How Long Does Coffee Last? Here's What You Need To Know
A cup of coffee is only as fresh as its beans.
If you can't imagine starting your day without a delicious cup of coffee, you're not alone. According to the National Coffee Association, 62 percent of Americans drink at least one cup of coffee every day. That's a lot of java! Whether you prefer french press coffee or a frothy cappuccino, one thing is certain: all mugs of coffee are not created equal. If you want your daily cup to taste fresh and delicious, the coffee you start with needs to be fresh and delicious, too. Old stale beans just won't cut it. To learn what you need to know about making a perfect cup of coffee, we chatted with two of the South's best coffee shops to find out how long coffee lasts.
Is there an expiration date?
Both Ryan Hall, Director of Operations at Due South Coffee Roasters in Greenville, South Carolina, and Adam Kelley, Owner of Leopard Forest Coffee Company in Travelers Rest, South Carolina, say the taste of coffee begins to degrade about two weeks after roasting. They are both clear, however, that coffee can still be drinkable and even delicious long after that date. Hall explains, "There are a lot of variables to consider when talking about coffee's timeframe of freshness but how the coffee is packaged and stored makes a big difference. Many coffee trade organizations have compiled multiple studies on coffee staling over the years, and found that coffee packaged in nitrogen-flushed, vacuumed sealed bags with a degassing valve to allow carbon dioxide to escape, can last about six months; and a coffee packaged without nitrogen flushing and with a degassing valve can last nearly three months."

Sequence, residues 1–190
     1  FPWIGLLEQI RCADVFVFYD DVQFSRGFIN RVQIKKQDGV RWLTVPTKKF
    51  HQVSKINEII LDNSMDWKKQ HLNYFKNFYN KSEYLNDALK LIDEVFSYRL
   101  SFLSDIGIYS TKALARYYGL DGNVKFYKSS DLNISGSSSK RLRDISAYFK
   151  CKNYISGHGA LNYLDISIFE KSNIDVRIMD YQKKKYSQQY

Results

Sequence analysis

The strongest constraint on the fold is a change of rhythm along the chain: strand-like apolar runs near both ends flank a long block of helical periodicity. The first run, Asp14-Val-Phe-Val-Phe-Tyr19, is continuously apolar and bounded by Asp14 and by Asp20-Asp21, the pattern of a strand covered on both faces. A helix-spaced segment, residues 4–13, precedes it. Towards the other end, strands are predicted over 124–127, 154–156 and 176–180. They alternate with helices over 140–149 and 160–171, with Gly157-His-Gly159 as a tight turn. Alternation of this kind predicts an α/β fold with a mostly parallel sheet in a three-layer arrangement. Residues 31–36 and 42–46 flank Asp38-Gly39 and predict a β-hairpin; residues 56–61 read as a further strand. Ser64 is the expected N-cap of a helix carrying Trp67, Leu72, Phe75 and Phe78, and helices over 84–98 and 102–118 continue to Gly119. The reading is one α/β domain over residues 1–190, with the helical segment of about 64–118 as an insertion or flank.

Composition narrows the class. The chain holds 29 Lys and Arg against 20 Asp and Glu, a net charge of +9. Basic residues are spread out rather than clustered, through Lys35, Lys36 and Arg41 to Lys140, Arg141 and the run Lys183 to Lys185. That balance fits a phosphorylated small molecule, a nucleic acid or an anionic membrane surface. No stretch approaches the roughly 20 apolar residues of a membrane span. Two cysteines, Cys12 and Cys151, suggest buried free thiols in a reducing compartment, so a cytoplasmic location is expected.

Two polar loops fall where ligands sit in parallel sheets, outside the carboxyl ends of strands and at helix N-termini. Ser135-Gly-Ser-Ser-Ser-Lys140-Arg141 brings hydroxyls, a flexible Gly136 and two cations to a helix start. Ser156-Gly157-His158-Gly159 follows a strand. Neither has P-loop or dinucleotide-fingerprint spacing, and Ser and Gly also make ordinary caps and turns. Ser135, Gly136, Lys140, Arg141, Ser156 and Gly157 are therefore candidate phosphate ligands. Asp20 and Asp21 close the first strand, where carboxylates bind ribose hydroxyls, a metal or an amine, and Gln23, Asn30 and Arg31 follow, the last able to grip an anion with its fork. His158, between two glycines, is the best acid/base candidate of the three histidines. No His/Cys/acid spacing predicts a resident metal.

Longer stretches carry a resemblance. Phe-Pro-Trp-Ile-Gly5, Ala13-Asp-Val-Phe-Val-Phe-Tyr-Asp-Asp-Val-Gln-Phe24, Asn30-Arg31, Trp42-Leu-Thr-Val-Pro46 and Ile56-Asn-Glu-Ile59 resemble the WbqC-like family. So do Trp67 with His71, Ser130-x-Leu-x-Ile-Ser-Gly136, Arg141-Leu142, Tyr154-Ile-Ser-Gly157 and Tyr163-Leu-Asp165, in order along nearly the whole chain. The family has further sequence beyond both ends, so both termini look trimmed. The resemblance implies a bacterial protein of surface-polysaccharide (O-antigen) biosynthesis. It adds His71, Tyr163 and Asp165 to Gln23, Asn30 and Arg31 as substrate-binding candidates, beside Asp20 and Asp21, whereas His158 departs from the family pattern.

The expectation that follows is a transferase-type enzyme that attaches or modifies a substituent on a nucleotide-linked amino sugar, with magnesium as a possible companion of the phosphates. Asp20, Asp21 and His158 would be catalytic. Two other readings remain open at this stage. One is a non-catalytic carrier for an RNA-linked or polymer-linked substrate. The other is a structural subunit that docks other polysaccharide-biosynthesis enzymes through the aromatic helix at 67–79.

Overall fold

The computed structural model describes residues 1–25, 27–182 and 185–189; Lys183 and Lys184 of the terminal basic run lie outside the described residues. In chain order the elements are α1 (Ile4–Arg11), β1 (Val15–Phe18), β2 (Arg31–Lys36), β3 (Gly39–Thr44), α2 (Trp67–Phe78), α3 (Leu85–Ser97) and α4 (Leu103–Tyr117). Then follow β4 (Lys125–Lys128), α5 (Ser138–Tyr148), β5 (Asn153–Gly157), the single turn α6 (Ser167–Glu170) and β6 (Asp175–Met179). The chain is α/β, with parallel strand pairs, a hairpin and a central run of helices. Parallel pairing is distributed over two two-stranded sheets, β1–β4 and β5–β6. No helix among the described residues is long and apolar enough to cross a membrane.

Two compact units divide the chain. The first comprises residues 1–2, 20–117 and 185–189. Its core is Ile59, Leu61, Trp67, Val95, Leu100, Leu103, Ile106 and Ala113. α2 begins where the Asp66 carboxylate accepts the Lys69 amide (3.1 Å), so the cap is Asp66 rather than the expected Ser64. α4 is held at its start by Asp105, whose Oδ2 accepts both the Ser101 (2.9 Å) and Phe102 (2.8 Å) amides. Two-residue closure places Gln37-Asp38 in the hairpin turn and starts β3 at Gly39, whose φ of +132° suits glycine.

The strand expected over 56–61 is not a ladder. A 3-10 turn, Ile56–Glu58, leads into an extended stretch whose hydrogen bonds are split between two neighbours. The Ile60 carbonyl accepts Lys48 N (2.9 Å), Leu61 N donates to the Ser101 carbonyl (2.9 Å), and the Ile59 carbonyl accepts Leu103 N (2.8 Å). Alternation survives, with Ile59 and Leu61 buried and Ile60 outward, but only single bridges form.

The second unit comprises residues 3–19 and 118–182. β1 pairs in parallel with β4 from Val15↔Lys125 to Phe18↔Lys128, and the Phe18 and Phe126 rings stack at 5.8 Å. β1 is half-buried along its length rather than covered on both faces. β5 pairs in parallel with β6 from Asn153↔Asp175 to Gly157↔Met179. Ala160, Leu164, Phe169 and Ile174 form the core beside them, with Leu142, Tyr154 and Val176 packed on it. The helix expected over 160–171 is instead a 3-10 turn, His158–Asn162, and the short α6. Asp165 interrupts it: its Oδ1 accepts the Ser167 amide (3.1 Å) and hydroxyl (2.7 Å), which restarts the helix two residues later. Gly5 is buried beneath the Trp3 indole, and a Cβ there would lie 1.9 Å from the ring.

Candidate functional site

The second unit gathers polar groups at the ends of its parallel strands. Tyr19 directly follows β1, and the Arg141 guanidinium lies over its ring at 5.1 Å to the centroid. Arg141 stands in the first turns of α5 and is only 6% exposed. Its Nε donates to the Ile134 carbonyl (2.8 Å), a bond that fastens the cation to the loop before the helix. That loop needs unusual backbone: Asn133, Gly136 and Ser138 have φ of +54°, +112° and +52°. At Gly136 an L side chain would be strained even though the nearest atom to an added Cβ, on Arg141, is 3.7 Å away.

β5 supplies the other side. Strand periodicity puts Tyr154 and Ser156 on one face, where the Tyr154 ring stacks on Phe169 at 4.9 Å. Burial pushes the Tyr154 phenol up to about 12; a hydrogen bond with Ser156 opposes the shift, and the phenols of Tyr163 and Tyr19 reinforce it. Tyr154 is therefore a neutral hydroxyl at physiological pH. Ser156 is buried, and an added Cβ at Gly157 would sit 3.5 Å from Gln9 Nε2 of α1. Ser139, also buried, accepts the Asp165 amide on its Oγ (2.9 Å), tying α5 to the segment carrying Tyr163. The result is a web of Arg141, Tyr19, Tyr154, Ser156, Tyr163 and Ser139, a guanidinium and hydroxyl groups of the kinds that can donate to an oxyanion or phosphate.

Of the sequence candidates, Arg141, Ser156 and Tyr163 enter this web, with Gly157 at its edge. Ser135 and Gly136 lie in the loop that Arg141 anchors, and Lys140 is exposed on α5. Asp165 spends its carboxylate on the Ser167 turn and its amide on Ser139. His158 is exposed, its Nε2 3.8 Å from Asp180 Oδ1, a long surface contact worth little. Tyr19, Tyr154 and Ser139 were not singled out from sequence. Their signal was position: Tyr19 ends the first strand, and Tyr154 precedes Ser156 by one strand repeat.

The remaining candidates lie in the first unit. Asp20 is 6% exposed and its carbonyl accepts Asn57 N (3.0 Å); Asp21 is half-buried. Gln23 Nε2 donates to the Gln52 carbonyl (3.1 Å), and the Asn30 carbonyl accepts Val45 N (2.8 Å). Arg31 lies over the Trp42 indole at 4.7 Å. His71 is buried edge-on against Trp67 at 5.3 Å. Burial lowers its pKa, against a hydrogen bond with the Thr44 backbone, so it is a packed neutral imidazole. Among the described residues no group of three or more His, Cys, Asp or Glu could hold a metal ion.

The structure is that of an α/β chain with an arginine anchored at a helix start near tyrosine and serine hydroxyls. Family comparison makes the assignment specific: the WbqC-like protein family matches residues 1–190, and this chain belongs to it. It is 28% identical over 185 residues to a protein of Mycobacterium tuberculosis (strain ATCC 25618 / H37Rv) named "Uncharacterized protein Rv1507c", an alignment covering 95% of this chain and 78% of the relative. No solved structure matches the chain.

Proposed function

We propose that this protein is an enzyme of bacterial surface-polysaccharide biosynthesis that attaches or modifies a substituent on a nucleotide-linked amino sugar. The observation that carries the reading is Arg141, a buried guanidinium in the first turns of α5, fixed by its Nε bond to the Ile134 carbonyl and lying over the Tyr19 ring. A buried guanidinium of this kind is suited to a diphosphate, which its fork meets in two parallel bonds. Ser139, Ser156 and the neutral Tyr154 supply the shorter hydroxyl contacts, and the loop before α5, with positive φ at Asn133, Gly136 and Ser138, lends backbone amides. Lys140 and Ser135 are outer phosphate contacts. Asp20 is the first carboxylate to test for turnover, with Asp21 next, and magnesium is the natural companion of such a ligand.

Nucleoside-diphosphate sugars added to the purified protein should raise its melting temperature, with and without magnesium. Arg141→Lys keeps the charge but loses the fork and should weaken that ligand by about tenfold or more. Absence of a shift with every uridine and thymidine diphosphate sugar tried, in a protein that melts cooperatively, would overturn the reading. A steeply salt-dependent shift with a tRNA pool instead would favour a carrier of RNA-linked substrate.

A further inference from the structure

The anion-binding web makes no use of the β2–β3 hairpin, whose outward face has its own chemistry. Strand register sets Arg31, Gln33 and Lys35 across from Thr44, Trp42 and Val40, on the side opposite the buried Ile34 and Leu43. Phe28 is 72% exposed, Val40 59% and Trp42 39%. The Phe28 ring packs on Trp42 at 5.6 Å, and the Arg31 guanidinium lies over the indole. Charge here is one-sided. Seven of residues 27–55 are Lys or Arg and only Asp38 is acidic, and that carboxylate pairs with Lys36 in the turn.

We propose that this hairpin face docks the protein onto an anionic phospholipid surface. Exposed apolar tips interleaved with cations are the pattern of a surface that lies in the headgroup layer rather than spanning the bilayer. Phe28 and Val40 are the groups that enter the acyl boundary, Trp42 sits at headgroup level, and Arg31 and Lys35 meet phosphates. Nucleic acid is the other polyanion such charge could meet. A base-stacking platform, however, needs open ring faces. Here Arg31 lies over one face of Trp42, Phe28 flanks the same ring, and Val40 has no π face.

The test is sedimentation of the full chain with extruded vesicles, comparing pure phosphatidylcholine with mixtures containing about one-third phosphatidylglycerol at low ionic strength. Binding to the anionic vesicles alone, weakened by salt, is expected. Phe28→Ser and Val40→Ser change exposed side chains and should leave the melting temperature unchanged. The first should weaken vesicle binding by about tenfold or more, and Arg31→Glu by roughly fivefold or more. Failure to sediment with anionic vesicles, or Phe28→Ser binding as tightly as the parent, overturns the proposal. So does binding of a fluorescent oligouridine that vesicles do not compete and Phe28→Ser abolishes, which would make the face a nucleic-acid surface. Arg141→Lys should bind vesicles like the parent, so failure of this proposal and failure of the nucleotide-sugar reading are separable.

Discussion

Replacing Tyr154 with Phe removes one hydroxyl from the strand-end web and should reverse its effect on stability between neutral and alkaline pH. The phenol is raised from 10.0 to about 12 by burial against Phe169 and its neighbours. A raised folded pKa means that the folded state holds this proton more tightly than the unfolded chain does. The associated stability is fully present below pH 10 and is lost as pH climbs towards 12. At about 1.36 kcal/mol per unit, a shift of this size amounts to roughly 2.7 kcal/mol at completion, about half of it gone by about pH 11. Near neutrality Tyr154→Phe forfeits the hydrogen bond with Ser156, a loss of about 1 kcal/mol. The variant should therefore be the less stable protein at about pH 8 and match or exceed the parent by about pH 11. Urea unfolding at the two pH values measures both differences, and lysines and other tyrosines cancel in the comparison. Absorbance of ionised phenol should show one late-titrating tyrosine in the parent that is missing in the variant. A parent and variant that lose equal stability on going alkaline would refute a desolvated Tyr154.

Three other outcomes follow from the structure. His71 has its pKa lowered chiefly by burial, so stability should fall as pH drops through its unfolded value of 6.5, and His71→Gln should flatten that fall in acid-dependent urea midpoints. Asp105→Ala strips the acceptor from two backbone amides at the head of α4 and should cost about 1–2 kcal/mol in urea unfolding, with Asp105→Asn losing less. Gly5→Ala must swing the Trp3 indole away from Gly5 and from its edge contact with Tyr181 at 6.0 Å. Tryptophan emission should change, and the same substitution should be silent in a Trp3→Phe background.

It is important to note, however, that once you open your coffee, it will become stale at a much faster pace. This means infrequent coffee drinkers will probably be best served if they purchase their coffee in smaller quantities. Says Kelley, "buying too much in bulk and accessing that same bag daily will continually expose the coffee to oxygen and moisture in the air, which leads to degradation."
Another factor that can affect how long coffee lasts is whether that coffee is ground or whole bean. Says Hall, "whole beans will always lengthen the window of freshness. A large part of what makes coffee lively and exciting are the aromatics trapped inside those little beans after going through the roasting process. When you grind the coffee, you break up the cell walls of those coffee beans, and the rate that those gasses exit the material is significantly quicker than if it were to be fully intact (whole bean)"
What are some uses for stale coffee?
What if you were a little zealous about stocking up when your favorite brand went on sale or received one too many bags of beans over the holidays? First, taste it, although it may not be at its prime, the coffee may still be acceptable to your palette. If you find it isn't fresh enough for your liking, Kelley suggests using it to make cold brew coffee (his recipe calls for one part medium grind coarse coffee to 16 parts water, immersed for 12-18 hours. Be sure to filter before serving). He also says that aging stale coffee for a couple of weeks with water, vodka, and vanilla bean will result in a delicious coffee liqueur.